Vincent van Gogh, “Starry Night” (via Wikimedia Commons)

While you might find the art of Rembrandt van Rijn and Vincent van Gogh together in a museum, some of their masterpieces have now inspired the names for a planet and star. On Tuesday, December 17, NL Times announced the Dutch winners of a contest to rename the star currently known as HAT-P-6 and its neighboring exoplanet, HAT-P-6-b, to “Night Watch” and “Starry Night,” respectively. The winners were chosen by a public vote and confirmed by the International Astronomy Union, the organization in charge of naming the planets and standardizing them for stargazers and astronomers around the world. Discovered in 2007, the star and its planet are around 910 light-years away in the Andromeda constellation. However, the planet should be visible to anyone with a small telescope.

According to, the Netherlands was one of over 100 countries permitted to name a planet to celebrate the IAU’s centennial. The organization doesn’t usually open up its naming rights to so many at once — this is only the second time they’ve held such a public naming contest after a much smaller scale event in 2015. The purpose of their centennial campaign was to “create awareness of our place in the universe.” A full list of new planetary names can be found on the IAU’s website.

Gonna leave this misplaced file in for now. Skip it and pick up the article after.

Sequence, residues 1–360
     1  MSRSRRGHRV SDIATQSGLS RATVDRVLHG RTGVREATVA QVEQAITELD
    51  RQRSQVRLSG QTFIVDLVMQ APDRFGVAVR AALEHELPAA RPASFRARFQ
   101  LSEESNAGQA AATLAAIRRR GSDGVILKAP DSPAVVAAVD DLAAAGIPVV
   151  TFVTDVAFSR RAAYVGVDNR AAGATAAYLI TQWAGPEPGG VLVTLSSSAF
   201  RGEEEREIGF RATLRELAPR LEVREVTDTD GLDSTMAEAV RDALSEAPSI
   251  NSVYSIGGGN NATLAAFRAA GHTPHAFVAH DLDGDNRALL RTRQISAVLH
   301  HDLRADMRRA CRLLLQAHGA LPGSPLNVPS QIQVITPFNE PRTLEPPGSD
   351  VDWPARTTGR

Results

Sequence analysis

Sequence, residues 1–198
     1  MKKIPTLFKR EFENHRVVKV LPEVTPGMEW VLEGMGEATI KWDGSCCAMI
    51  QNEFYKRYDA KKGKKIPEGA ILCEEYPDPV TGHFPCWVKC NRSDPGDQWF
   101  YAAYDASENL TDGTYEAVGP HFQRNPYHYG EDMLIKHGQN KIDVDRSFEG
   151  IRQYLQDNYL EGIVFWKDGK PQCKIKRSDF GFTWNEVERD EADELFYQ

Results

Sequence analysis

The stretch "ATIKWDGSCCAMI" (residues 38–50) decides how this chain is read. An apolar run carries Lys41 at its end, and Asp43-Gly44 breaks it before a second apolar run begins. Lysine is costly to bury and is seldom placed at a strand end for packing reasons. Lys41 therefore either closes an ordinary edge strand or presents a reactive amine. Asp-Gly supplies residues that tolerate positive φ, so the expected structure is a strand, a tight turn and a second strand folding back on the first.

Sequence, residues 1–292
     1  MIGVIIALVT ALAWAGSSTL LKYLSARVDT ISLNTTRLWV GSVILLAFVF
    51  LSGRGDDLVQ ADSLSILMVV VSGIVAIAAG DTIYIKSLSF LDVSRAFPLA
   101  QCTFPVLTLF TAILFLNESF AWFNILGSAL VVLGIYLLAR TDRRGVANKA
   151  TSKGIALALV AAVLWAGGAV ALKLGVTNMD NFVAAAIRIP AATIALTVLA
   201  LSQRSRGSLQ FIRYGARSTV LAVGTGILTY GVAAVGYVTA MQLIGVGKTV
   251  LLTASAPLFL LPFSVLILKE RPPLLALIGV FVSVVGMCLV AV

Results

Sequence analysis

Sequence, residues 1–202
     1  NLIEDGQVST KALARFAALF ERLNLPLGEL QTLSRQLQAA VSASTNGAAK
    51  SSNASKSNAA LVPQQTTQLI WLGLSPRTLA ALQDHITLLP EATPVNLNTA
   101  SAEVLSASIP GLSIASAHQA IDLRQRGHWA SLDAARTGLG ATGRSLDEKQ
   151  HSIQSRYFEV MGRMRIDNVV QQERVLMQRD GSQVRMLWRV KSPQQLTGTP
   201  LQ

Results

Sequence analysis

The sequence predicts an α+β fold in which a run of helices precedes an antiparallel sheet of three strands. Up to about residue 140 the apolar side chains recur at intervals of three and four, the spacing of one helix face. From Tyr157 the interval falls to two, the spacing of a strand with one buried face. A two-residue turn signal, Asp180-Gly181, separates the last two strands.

So while the art world can rejoice in a galactic victory, it turns out Rembrandt and van Gogh’s works were only the second most popular choices chosen by the public. The contest originally drew the names of Nijntje and Moederpluis, two of the names in Dick Bruna’s series of cartoon rabbits. However, because of copyright laws, the bunnies’ name could not be given to the heavenly bodies, so Rembrandt and van Gogh’s works will go up in their stead.

Monica Castillo is a writer and critic based in New York City. Her work has appeared in the New York Times, Washington Post, Village Voice,, Remezcla, the Guardian, Variety, NPR, and Boston...